After weeks of delay, damning new revelations, and the distraction of a near-war with Iran, the House will officially transmit articles of impeachment to the Senate next week.
In a letter to colleagues, House Speaker Nancy Pelosi wrote: “I have asked Judiciary Committee Chairman Jerry Nadler to be prepared to bring to the Floor next week a resolution to appoint managers and transmit articles of impeachment to the Senate.”
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The House voted on December 18th to impeach President Donald J. Trump on two charges: abuse of power — specifically, withholding military aid and diplomatic reassurance from Ukraine until that country committed to investigate his political rivals — and obstruction of Congress.
But Pelosi held the articles in the House for weeks, seeking to get Republican Senate Majority Leader Mitch McConnell to commit to measures ensuring a fair trial in that chamber. Pelosi said she could not choose impeachment managers — the House members who serve as the prosecution in an impeachment trial — until McConnell showed his cards. “We cannot name managers until we see what the process is on the Senate side,” Pelosi said following the impeachment vote. “So far we haven’t seen anything that looks fair to us.”
McConnell, who has said openly that he is working hand-in-glove with the White House on impeachment, did not budge in committing to any specific process in the Senate. But the delay has served a purpose. Damning new information has continued to come to light, and a key witness has volunteered to testify should the Senate subpoena him.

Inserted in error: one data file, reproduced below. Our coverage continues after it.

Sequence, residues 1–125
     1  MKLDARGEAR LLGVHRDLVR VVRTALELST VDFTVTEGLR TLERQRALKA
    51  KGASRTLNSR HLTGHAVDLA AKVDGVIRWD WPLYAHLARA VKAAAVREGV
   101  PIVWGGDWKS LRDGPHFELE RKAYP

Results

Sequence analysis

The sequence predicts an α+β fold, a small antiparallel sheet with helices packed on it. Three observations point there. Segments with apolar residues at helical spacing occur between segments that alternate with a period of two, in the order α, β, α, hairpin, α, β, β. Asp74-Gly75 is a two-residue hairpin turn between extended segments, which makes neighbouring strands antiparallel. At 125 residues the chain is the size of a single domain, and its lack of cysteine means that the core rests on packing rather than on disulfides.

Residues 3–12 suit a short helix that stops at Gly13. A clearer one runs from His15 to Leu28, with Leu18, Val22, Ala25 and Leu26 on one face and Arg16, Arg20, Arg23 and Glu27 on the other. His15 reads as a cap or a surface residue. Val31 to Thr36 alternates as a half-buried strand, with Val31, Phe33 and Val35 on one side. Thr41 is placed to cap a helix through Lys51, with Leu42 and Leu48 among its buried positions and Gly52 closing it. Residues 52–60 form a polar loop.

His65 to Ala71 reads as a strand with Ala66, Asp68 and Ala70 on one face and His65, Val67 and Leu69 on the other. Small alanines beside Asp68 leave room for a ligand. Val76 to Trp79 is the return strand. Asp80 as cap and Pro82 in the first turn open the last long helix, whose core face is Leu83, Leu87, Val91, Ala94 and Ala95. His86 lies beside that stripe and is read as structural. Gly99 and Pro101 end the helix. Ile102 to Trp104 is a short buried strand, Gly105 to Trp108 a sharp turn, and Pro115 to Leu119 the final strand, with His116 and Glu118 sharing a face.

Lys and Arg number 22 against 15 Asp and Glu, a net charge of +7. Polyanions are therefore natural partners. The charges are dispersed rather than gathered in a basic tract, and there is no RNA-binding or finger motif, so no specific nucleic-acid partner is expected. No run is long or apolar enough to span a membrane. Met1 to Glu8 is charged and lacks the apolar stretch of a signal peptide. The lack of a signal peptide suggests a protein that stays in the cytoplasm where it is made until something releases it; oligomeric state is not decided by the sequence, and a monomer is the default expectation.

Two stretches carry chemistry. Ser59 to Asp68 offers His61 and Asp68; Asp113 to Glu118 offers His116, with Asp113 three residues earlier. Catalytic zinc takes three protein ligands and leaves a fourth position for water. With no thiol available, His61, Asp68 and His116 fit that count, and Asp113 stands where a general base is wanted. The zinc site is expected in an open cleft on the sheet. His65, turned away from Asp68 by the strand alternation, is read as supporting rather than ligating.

Pelosi outlined the new revelations in bullet points in her letter:
- On December 20, new emails showed that 91 minutes after Trump’s phone call with Ukrainian President Zelensky, a top Office of Management and Budget (OMB) aide asked the Department of Defense to “hold off” on sending military aid to Ukraine.
- On December 29, revelations emerged about OMB Director and Acting Chief of Staff Mick Mulvaney’s role in the delay of aid, the effort by lawyers at the OMB, the Department of Justice and the White House to justify the delay, and the alarm that the delay caused within the Administration.
- On January 2, newly-unredacted Pentagon emails, which we had subpoenaed and the President had blocked, raised serious concerns by Trump Administration officials about the legality of the President’s hold on aid to Ukraine.
Just this week, former National Security Adviser John Bolton — who had decried the pressure campaign on Ukraine as a “drug deal,” according to impeachment witnesses — declared his willingness to buck the White House and testify at the Senate impeachment trial.
Senate procedure will be determined by simple majority votes. Democratic House leadership plainly hopes this new information will prompt a handful of moderate Senate Republicans to join with Senate Democrats to insist on trial procedures that include calling key witnesses, over the objections of McConnell.
McConnell this week signed on to a resolution seeking to dismiss the articles of impeachment if Pelosi did not transmit them promptly to the Senate. In her letter to colleagues, Pelosi said McConnell “showed his true colors and made his intentions to stonewall a fair trial,” accusing him of attempting a “cover-up” that “deprives the American people of the truth.”
“Leader McConnell’s tactics are a clear indication of the fear that he and President Trump have regarding the facts of the President’s violations for which he was impeached,” wrote Pelosi.
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